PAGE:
Millions of previously office-bound employees started working from home when COVID-19 took the world by storm. Although the sudden switch wasn’t without its roadblocks, the benefits of working from home have become apparent to even the biggest skeptics. So much so that many companies are incorporating remote work into their long-term plans.
But even though the pandemic was, in many ways, the tipping point for remote and flexible work, the reality is that some companies may still want employees to return to the office.
So, what do you do if you’ve come to enjoy working from home and truly feel that remote work is the future of work, but your employer wants you back in the office?
Fortunately, finding a way to continue working from home may not require switching companies. It might be possible to negotiate permanent work-from-home employment in your current role.
How to Make Your Work-From-Home Arrangements Permanent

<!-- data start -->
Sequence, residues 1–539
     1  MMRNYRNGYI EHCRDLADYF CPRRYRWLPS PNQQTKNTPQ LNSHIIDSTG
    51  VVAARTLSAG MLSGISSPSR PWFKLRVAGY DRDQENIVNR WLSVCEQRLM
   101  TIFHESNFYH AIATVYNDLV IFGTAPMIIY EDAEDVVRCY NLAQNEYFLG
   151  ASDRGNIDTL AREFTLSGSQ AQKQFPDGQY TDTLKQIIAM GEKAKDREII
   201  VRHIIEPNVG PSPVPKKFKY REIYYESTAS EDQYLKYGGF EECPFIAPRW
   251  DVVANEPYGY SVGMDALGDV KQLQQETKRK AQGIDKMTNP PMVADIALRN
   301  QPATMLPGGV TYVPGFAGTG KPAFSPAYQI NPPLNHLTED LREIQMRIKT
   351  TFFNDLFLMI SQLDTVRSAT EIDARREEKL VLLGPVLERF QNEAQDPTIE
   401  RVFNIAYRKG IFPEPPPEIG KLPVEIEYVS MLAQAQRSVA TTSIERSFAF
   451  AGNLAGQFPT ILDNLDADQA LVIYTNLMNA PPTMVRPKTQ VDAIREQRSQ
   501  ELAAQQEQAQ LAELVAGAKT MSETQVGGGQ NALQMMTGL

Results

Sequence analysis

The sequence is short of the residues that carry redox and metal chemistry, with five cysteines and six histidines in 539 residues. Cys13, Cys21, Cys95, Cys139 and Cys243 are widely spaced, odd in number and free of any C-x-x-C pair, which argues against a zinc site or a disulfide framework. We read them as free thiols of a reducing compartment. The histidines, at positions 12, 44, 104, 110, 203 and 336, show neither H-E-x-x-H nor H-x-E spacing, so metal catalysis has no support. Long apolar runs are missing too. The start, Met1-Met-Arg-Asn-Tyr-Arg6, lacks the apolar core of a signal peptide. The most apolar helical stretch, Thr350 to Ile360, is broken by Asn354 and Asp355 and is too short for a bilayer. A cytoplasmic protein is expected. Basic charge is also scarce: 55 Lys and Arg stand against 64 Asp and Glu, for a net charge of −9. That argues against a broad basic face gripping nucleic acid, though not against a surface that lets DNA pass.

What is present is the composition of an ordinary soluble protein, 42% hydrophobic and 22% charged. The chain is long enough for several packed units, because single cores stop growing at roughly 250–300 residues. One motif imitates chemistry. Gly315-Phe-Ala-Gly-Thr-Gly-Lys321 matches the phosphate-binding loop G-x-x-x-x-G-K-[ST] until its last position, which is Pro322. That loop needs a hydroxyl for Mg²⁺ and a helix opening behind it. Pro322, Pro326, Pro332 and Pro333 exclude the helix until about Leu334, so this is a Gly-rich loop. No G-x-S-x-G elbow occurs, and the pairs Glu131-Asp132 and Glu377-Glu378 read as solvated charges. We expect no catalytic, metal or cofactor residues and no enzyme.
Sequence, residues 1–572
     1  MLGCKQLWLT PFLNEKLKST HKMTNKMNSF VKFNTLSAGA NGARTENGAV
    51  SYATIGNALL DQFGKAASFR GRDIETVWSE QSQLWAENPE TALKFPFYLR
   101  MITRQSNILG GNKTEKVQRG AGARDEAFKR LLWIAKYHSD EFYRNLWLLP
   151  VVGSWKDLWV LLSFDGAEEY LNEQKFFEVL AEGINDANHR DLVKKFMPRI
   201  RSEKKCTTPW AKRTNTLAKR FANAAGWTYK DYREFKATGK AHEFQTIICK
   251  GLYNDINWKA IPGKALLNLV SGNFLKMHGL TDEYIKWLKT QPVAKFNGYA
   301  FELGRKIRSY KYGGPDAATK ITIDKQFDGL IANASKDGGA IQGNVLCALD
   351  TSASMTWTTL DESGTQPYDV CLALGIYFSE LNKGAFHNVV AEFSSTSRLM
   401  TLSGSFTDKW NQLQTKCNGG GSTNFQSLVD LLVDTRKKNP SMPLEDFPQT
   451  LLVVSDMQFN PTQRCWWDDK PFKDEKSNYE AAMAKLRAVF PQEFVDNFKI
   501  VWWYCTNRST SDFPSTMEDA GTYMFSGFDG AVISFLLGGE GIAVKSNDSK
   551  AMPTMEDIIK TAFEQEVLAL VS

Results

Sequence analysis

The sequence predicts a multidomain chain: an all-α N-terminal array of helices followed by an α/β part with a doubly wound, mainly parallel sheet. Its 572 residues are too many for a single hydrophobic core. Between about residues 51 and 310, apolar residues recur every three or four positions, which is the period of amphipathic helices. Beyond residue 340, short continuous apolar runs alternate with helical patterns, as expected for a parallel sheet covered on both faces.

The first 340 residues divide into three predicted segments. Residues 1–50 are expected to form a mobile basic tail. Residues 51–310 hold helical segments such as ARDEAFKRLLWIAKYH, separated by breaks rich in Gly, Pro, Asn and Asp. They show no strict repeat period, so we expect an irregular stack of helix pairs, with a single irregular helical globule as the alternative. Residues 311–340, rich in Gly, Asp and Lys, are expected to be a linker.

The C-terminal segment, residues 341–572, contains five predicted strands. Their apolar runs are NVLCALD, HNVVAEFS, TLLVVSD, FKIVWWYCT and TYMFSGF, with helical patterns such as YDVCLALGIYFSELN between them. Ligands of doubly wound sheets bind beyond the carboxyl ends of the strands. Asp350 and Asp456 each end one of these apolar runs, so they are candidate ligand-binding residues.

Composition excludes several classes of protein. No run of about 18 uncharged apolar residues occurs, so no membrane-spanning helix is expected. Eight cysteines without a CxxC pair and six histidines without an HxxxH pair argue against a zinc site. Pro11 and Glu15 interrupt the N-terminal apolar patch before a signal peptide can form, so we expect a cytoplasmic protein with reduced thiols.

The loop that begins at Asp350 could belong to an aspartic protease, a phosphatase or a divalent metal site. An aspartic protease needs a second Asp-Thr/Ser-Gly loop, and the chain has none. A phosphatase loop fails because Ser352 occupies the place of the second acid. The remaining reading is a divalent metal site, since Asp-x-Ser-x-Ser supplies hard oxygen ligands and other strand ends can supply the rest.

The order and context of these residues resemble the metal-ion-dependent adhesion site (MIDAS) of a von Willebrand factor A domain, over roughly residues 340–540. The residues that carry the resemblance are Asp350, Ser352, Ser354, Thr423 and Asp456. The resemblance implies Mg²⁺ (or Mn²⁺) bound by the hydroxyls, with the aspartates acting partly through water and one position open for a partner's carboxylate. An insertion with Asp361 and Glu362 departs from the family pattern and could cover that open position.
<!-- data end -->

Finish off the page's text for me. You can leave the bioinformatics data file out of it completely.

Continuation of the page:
1. Do Your Research
If you’re already working from home due to the pandemic, you may be in a prime position to strategize your way to working remotely for the long-term. If you’re not already working from home but want to, these strategies can still apply.
Find out what kind of pre-pandemic remote work policies existed. Did anyone on your team work from home before offices shut down? Did they work remotely full-time or only a day or two each week? How did they get the OK to work from home? The more information you have on what kinds of policies were in place when things were “normal,” the clearer your own proposal for the “new normal” will be.
Also, take note of any work-from-home policies your company put in place during the pandemic, and see how they could work to your advantage. Maybe your company will start phasing employees back into the office slowly, and you can propose to be one of the last groups. This gives the company more time to see what is and isn’t working, and you more time to negotiate.
2. Outline the Benefits
One of the most critical aspects of your proposal to keep working from home should be the business rationale for remote working. The good news is that the facts are on your side because working from home has many benefits for employees and employers alike.
One of the biggest benefits of remote work for employers is ensuring continuity of operations, not just during the pandemic, but during any challenging times. Even though you’re only one employee (perhaps among thousands), you can still demonstrate how working from home can enable you to provide service without disruption.